An article in the British Medical Journal this week has reopened the debate about whether the skeleton of Charles Byrne, the ‘Irish Giant’, should be removed from the London museum where it has been on display for almost 200 years and buried at sea, as was his wish.
Byrne, who reputedly grew to more than eight feet tall, was born near the border of County Derry and County Tyrone in 1761, not far from the shores of Lough Neagh.
From an early age his exceptional height gained him local fame and his impoverished parents were persuaded to appoint a manager to exhibit him as a ‘curiosity’ for money.
Joe Vance took Byrne to London in April 1782 to seek his fortune, where he took on the name Charles O’Brien and quickly attained celebrity status, mingling with the rich and famous, even entertaining the court of King George III.
But his day-to-day life was rather more mundane, remaining in a room in Spring Gardens, Charing Cross for hours on end while a constant stream of customers paid two-shillings-and-six-pence a turn to gawp at him.
One of those most intrigued by Byrne was the experimental surgeon John Hunter. On perceiving that the young man’s condition was taking its toll and was potentially fatal, Hunter became obsessed with acquiring Byrne’s body.
The Irish Giant’s deteriorating health coincided with fading public interest as Londoners’ fickle attention-spans found new diversions. By autumn the queues to see him had dwindled and he was forced to move to cheaper lodgings and drop his ticket prices.
By spring 1783, Byrne was increasingly fearful of ending up on Hunter’s dissection table or that of any other of London’s growing band of anatomists. This, plus the need to dull the pain caused by his condition, prompted him to turn to drink more and more. He made his friends promise that in the event of his death his body should be sealed in a coffin and buried at sea.Byrne’s life savings – the then considerable sum of £770 – were stolen from him while he was drunk in April 1783. On 1 June 1783, he died, aged 22.
According to a report in The Morning Herald dated 5 June 1783, “The whole tribe of surgeons put in a claim for the poor departed Irish Giant, and surround his house, just as Greenland harpooners would an enormous whale”.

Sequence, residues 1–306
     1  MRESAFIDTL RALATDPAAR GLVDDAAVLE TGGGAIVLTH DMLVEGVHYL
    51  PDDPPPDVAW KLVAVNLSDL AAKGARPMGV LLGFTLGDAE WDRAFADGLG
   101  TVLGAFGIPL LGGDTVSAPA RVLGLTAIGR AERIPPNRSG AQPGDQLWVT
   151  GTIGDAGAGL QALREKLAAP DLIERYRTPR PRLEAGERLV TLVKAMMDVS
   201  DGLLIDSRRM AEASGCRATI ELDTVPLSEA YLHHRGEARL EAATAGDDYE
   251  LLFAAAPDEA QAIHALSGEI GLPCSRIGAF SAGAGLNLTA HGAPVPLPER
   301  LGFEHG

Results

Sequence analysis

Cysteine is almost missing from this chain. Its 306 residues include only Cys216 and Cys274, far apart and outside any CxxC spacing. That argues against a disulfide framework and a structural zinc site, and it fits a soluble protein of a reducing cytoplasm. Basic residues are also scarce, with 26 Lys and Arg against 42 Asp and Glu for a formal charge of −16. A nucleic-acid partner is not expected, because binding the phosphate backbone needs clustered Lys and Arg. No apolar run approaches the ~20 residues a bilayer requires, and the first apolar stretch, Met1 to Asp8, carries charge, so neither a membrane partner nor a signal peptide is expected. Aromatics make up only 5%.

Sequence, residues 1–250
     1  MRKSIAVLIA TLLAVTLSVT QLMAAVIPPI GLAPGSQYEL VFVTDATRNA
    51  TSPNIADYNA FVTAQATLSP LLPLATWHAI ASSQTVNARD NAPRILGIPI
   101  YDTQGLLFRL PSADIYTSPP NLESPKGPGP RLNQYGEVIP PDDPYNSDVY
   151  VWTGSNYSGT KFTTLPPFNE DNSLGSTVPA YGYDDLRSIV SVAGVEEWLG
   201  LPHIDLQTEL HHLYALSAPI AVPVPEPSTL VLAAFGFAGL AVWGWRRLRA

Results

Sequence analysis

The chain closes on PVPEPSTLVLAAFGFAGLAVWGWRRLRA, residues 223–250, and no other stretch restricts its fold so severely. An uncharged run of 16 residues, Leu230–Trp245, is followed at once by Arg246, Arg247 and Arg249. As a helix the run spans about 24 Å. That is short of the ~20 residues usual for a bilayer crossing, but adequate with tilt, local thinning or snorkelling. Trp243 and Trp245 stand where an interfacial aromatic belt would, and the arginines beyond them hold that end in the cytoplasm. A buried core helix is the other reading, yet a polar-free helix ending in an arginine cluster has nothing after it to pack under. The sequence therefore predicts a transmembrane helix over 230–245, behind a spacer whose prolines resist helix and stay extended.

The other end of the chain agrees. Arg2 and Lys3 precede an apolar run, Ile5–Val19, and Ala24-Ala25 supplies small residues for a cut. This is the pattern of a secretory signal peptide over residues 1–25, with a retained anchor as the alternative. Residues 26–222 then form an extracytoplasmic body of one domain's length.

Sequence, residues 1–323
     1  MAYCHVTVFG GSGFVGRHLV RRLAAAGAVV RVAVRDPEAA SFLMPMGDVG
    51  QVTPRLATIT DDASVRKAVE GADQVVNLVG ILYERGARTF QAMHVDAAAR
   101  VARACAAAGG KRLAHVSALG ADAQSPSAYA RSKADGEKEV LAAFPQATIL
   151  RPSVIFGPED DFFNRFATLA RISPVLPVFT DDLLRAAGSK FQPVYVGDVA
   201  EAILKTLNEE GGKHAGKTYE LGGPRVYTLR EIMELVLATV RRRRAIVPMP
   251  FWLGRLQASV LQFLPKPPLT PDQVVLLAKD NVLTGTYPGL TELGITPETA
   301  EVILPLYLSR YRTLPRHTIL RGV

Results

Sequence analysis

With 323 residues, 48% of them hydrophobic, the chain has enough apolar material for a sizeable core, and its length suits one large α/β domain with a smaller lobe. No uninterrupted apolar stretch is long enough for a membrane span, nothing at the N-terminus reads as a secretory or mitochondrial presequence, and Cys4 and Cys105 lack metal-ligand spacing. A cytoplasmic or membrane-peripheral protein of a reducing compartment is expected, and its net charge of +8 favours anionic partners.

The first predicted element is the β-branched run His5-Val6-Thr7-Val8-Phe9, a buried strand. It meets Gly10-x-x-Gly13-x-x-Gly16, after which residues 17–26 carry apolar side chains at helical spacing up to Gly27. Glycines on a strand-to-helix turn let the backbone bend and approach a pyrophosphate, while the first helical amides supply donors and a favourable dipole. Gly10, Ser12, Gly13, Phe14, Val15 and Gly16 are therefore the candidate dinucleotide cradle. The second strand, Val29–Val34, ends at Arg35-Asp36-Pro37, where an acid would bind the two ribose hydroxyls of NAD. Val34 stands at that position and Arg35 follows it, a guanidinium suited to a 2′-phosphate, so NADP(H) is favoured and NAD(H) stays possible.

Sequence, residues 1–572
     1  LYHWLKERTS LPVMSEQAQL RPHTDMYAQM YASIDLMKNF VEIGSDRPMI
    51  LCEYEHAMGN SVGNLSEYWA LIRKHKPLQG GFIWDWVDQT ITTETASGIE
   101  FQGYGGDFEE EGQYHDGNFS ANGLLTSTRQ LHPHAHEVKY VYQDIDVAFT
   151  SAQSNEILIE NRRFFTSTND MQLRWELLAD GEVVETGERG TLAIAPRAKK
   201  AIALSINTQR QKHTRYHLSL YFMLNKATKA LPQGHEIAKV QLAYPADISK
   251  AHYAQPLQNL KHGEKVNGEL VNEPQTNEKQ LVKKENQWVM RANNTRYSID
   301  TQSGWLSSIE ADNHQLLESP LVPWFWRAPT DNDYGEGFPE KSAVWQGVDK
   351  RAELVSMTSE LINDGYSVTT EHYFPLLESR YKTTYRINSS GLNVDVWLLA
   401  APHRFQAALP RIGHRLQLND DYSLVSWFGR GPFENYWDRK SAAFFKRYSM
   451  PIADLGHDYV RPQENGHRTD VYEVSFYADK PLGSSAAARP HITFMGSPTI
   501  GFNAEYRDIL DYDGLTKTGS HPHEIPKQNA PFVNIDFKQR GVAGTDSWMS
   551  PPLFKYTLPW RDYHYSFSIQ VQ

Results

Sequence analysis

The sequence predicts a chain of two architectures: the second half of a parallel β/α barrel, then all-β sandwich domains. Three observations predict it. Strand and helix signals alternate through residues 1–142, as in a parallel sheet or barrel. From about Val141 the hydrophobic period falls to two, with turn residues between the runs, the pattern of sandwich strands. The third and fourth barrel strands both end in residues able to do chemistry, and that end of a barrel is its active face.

Byrne’s friends set off with his coffin to Margate to carry out his wishes but through an accomplice Hunter had the body switched for rocks halfway and when it was returned to him he transported it to his house in Earls Court. There he chopped Charlie Byrne into pieces, boiled him up in a giant copper vat and later reconstructed the skeleton.
Such was the frenzy of press speculation about what had come of Bryne that it was only four years later that Hunter confided in a letter to his friend Joseph Banks, “I lately got a tall man”.
Byrne’s feet can be seen dangling in the background of the famous portrait of Hunter (right) painted by his neighbour Sir Joshua Reynolds.
When he judged that the hysteria around Bryne’s fate had subsided, Hunter made the skeleton of the Irish Giant the centrepiece of the museum he had opened up between Charing Cross and Leicester Square in 1785 and which desperately needed funding.
When Hunter died in 1793, the skeleton, along with the rest of Hunter’s collection was purchased by the British government and eventually given to the Royal College of Surgeons, which has had it on display in the Hunterian Museum ever since.
This week Len Doyal, emeritus professor of medical ethics at Queen Mary, University of London, and Thomas Muinzer, a lawyer at the School of Law, Queen’s University, Belfast, issued the latest call for the seven-foot seven-inch skeleton to be buried at sea “as Byrne intended for himself”.
“The fact is that Hunter knew of Byrne’s terror of him and ignored his wishes for the disposal of his body. What has been done cannot be undone but it can be morally rectified,” they wrote in their BMJ paper. “Surely it is time to respect the memory and reputation of Byrne: the narrative of his life, including the circumstances surrounding his death… As a sign of respect for Byrne’s original desires, his skeleton should be buried at sea as part of a ceremony commemorating his life.”
However, Hunterian Museum director Dr Sam Alberti rejected the call, saying the value of the remains to living and future communities, currently outweighs the benefits of carrying out Byrne’s apparent request to dispose of his remains at sea.
“A vivid example of the value of having access to the skeleton is the current research into Familial Isolated Pituitary Adenoma (FIPA). This genetically links Byrne to living communities, including individuals who have requested that the skeleton should remain on display in the museum.
“At the present time, the museum’s Trustees consider that the educational and research benefits merit retaining the remains.”
This article also draws on The Knife Man, Wendy Moore’s excellent biography of John Hunter.